Example 2: Francis as Disney Princess Revisited

I noted above that students’ correlation between Francis of Assisi and various Disney princesses resulted in context collapse and dissonance, but this was not the only possible outcome. Instead, the imagery of Francis as a Disney princess can be used to shed light on the characteristics of Francis’s time and place if the interpretation is framed by context information. The most illuminating historical parallel between Francis and the Disney princesses is their evocation of the virgin-martyr trope. Celano intentionally drew on early Christian narratives like “The Martyrdom of Perpetua and Felicitas” as the framework for his account of Francis’s early ministry. By connecting Francis to early (female) Christian martyrs, Celano highlighted Francis’s purity, righteousness, and faith.

The Disney films are not tied to early Christian martyrs, but the damsel-in-distress figure in fairytales and films shares a kinship with the virgin-martyr trope. In both instances, young persons of principle are abused by individuals who view them as a threat to power or the status quo. Cinderella’s stepmother locks her in her room; Francis’s father confines him to a pit to punish Francis for giving away profits from the family business to a church. The intervention of a powerful figure, such as a knight-in-shining-armor or, in Francis’s case, the Bishop of Assisi, typically saves the young person from prolonged distress or persecution.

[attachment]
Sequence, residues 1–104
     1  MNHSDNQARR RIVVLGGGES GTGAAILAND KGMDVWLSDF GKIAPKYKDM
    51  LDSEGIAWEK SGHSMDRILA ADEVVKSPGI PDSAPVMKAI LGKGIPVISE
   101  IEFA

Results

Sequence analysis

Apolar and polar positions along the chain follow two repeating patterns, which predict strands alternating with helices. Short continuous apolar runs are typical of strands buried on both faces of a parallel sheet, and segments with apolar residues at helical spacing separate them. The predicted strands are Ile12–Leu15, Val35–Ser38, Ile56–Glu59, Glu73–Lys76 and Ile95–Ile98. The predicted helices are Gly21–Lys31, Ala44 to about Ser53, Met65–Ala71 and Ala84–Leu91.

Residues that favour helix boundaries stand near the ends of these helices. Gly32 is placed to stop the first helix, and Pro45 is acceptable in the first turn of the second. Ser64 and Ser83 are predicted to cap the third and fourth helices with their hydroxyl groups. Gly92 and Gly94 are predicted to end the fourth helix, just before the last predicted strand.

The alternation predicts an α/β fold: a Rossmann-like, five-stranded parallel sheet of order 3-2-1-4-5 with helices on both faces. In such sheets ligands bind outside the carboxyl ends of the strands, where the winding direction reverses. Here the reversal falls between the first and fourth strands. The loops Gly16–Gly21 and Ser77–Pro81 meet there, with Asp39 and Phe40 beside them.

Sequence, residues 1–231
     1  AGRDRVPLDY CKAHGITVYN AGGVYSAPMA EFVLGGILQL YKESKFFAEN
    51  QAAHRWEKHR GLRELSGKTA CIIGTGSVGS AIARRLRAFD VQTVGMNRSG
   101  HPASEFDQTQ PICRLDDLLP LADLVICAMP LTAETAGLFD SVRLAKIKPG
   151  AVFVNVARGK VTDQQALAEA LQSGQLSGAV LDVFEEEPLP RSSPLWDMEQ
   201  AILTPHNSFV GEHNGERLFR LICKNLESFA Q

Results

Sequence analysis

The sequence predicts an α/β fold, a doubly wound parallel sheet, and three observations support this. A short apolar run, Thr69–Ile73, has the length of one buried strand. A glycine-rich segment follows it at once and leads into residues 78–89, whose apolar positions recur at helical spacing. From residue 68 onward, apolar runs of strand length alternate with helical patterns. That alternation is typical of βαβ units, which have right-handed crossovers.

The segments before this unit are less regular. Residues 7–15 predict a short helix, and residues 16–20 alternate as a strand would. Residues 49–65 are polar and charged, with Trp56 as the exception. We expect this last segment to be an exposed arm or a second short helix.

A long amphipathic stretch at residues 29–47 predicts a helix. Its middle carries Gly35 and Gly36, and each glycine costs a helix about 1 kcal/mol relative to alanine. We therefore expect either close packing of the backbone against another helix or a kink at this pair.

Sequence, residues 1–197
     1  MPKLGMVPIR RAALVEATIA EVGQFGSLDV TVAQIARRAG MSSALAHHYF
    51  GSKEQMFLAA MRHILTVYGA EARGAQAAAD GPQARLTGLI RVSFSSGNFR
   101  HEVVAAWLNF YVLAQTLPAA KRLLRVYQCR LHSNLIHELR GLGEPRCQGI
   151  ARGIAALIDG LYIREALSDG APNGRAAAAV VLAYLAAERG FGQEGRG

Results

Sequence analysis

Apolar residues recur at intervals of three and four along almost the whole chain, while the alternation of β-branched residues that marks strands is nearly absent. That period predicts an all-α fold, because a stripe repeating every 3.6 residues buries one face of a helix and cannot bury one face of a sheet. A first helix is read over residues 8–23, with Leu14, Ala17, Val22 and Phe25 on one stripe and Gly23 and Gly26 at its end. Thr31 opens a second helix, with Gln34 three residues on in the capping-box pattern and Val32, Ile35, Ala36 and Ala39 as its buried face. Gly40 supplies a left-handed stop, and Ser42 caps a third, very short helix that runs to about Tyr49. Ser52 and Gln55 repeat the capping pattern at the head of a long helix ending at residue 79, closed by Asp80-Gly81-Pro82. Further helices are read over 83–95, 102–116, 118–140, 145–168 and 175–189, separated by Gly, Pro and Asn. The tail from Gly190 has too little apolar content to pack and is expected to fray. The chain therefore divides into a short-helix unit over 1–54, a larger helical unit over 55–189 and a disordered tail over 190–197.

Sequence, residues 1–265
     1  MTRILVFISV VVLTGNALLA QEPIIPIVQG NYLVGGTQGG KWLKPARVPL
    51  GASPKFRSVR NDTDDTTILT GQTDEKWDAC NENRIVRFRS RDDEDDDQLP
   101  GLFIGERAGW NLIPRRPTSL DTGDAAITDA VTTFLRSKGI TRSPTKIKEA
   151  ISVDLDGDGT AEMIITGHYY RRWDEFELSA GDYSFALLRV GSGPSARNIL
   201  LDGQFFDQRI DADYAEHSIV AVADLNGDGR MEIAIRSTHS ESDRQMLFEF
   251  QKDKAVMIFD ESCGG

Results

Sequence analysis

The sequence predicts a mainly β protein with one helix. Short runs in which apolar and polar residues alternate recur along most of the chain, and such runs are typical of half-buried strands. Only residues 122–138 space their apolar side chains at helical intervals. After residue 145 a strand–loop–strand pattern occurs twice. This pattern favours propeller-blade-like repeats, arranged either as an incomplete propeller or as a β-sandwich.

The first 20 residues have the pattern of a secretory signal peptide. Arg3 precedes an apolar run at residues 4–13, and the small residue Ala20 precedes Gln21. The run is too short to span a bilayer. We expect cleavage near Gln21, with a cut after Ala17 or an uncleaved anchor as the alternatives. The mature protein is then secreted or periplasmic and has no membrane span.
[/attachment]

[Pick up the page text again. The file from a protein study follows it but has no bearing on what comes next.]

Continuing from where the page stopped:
The Bishop of Assisi covers Francis after he strips naked in court. Fresco attributed to Giatto, ca. 1297 CE (via Wikimedia).

Using Disney princesses to understand the life of Francis seems frivolous, but framed contextually the connection potentially unlocks a deeper understanding of Celano’s First Life of St. Francis. Engaging students’ GIFs preserves the pleasure they feel in the connection between past and present. Adding the context knowledge offers them a more nuanced understanding of Francis and his times. In this case, GIFs’ capacity to capture and sustain attention could be a useful tool to help students internalize the value of context to historical study.

Final Thoughts

The fluid relationship between GIFs and context does not necessarily hinder students’ historical thinking skills. Used well, the multi-layered nature of GIFs offers history educators an engaging way to introduce students to the layers of understanding essential to historical interpretation. Considering the meaning of events, persons, ideas, and images in multiple contexts enriches our understanding of historical phenomena and visual media. Intertwining the methods and concerns of visual media cultures with the scholarship of historical thinking enables students and educators to amplify the affordances and minimize the constraints of GIFs as a pedagogical tool in the history classroom.